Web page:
Swett-Ilsley House History
1670-1691: Stephen Swett: Tavern
The Swett-Ilsley House was built c. 1670 by Stephen Swett. It originally had a southern orientation, with the original front door in the location of the current western window. The house was a single room with two stories. Houses were often enlarged shortly after their construction, since they were built quickly if there was an immediate need for shelter. Houses typically evolved longitudinally east/west, becoming two rooms with a central chimney. At the Swett-Ilsley House, however, the house was added on to the north (in two major phases), because of the limits of the site and the property line. The entire roof changed so that the entryway faced road. The final configuration of the house, with the addition to the north and west, occurred sometime between 1756 and 1820.
Stephen Swett apparently built this house on the lot he reserved for himself in the southern corner of a larger lot he had sold to Hugh March Sr. just to the north. At this other location was the ordinary, or tavern, for Newbury.
In about 1715-1720, the house was enlarged by the addition of a second single-room household (with its own door) north of the original block. A new roof — made in part with salvaged rafters of the older roof — was built over the whole, changing the ridge pole direction from an east-west to a north-south axis. The chimney, then located at the northwestern corner of the main block, was retained, but its upper stack was probably modified at that time. The 1720 addition contains one of the largest fireplaces of the period, measuring: 10' 3" wide, 3' deep, and 4' 8 ½” high, and it sits atop a solid stone boulder base measuring 18' x 8' x 7' high from the cellar floor.
The Swett-Ilsley House has served as the locus of small business, craft, or industry for most of its existence. The lot has always been small. Evidence suggests that many of the owners carried out their trade on the site. Occupants listed or industries associated with the site include carpenter, coordwainer, saddler, joiner, shopkeeper, innholder, chocolate milling, tallow chandlery, tobacconist, and blacksmith. The owners did not apparently acquire extensive land holdings elsewhere to supplement their living with agricultural pursuits. The central location of the house across from the meeting house and, from 1734 to 1780, just south of the Town House where Essex county courts were held, must have been an advantage to people pursuing these trades.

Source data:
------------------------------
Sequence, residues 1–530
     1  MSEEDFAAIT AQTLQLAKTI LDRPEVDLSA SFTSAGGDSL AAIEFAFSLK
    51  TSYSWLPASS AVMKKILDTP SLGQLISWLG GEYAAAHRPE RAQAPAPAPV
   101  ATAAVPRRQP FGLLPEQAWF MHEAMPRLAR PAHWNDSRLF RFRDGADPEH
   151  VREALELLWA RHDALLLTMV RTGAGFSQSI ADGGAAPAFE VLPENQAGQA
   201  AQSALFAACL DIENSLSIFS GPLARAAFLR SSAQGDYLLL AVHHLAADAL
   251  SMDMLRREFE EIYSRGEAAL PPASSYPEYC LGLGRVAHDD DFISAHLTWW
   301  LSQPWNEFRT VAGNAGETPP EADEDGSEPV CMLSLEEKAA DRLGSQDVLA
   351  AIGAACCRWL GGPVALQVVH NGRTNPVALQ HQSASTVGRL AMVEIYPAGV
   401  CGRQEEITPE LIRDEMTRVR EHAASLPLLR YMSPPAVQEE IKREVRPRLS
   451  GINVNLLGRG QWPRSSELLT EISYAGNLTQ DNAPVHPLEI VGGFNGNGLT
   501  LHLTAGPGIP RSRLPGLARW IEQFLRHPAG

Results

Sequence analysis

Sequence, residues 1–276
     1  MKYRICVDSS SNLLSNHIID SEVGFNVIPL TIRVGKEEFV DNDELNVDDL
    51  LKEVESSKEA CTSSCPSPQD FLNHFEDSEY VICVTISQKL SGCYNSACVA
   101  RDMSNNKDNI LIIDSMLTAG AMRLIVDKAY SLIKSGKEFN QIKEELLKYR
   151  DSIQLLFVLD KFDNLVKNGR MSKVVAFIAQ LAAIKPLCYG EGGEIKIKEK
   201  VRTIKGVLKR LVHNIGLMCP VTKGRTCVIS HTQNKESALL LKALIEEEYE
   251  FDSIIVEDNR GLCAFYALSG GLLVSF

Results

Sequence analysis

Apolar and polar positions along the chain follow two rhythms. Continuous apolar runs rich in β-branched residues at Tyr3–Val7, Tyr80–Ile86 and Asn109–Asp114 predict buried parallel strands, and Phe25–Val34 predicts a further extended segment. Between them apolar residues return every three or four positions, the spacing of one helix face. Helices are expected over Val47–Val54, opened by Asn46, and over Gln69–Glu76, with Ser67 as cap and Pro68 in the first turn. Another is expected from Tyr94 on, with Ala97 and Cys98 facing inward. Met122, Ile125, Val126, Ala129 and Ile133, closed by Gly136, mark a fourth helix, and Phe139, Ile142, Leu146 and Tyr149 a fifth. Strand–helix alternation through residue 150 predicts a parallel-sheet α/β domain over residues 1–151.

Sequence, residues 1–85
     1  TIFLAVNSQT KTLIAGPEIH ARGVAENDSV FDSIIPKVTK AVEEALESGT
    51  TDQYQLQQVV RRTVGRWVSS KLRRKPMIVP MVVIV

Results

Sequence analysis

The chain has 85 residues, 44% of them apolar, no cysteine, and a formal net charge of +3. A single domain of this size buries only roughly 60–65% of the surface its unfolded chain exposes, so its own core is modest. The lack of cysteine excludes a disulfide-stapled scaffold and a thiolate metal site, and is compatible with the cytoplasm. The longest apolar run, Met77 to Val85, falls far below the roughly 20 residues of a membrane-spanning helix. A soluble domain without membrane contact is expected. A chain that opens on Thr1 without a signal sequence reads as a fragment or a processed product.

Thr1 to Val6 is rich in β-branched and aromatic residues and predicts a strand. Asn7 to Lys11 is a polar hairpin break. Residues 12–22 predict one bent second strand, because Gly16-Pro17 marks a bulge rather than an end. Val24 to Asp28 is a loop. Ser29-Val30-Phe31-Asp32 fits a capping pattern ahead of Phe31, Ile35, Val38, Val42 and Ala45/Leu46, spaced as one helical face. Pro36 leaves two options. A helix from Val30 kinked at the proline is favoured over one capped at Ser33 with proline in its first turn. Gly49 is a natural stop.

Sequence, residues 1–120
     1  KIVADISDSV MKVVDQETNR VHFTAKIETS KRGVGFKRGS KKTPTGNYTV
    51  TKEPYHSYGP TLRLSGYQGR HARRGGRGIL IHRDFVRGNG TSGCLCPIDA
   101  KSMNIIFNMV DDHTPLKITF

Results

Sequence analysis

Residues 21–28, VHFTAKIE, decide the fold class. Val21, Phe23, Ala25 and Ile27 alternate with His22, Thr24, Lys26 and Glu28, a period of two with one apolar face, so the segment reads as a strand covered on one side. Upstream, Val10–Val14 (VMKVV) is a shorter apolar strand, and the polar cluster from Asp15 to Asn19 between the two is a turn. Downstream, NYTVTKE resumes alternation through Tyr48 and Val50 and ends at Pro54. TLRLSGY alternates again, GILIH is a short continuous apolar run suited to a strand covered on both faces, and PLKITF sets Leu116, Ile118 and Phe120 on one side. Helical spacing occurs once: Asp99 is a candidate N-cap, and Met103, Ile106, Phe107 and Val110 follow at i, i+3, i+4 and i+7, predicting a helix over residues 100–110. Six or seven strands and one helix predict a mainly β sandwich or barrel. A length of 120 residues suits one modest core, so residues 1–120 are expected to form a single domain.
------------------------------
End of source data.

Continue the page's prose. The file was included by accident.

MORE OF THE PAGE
In 1756, the house's irregular shape was somewhat squared when the purchase of land to the north yielded an opportunity to build a final northern addition of single-room plan with stair-hall and separate chimney.
Multiple generations of the Ilsley family lived in the house through the nineteenth century, and partitions and additions built throughout the house reflect their changing family configuration.
In 1911, the house was purchased by the Society for the Preservation of New England Antiquities, now Historic New England, its first architectural acquisition. With advice from restoration architect Henry Charles Dean, Historic New England removed layers of lath and plaster to reveal original timbers, early eighteenth-century paneling, and one of the largest fireplaces in New England. Restoration stopped when funds were exhausted, before any long-gone original features like diamond-paned casements were recreated, resulting in a house with an unrestored eighteenth-century exterior and a partially restored interior reflecting both the seventeenth and early eighteenth centuries. After restoration, the house was rented to a series of tenants, who operated a tea room there until 1965 when the house became a study museum.